An exceptional pair of multi metal Phoenixes mounted on turtles (Japanese, 1868 - 1912)

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Object Description

A large pair of Bronze Ho Ho Birds (Mythical Japanese creatures similar to the Phoenix). They are standing on the backs of Minogame, (long tailed tortoise.) The figures are designed to be symmetrical. One bird has its right wing extended whilst the opposing bird has its left wing extended. Similarly, one of the tortoises is looking to the right whilst the other looks to his left to create a perfect reflection.

The birds are decorated with fine inlay work using precious metals including Gold, Silver and Copper, there is an intricate dragon design to the closed wing of each bird. Similarly, each tortoise with a gold cloud inlay work and gold eyes.

Each Okimono is signed to the underside of the tortoise “Muroe Kichibei of the Etchu Province in the Country of Great Japan.

Object History


The phoenix is a powerful symbol in Japan, used to represent the Empress. When used to decorate an object or house it symbolises the loyalty and honesty of the people that live there, traditionally a phoenix only stays when a ruler is without corruption.


A minogame is a Japanese mythological creature based on the tortoise. It is believed that once a tortoise reaches 1000 years old it becomes a minogame, the long tail is actually alge and weeds which have grown on the shell due to the extreme longevity of the beast.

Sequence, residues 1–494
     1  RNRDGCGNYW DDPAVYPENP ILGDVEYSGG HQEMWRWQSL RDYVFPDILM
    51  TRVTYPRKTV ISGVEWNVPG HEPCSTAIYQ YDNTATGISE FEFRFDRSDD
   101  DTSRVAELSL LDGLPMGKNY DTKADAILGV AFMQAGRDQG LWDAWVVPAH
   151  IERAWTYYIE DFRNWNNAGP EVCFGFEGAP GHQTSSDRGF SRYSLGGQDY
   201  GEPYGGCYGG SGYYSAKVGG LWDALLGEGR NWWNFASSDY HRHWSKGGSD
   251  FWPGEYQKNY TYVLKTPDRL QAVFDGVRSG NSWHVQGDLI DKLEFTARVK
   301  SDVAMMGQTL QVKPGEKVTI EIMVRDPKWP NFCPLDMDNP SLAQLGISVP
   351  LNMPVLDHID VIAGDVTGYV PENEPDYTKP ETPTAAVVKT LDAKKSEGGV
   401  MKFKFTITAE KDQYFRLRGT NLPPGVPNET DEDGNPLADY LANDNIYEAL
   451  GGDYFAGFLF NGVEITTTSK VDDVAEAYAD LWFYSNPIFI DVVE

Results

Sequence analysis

Due to their old age minogame represent longevity and are often seen with the luck god Fukurokuju.


Dragons are hugely significant in Asian culture. Known as the Ryu or Tatsu in Japan, they are closely related to the Chinese Long and Korean Yong. Like all Asian dragons they lack wings and are serpent-like in form. The Japanese dragons rarely fly and usually reside in or near the sea and other bodies of water.

Japanese dragons have positive symbolism. They are good and represent wisdom, generosity and they are portrayed as using their powers to help mankind. (Unlike the Dragons of Western mythology.)

Generally you can tell a Chinese dragon from a Japanese by counting the toes, a Chinese having four or five and a Japanese having three.

Muroe Kichibei (1841-1903)

Muroe Kichibei was a metalworker who lived and worked in Takaoka and Kanazawa, he is known for his very fine works including many Buddhist subjects and animals.

Object Condition


Object Details

  • dimensions
    H:82cm centimeters
  • country
  • year

Dealer Opening Times

By appointment only.

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Dealer Location

7 Pierrepont Row
(Off Camden Passage)
N1 8EE

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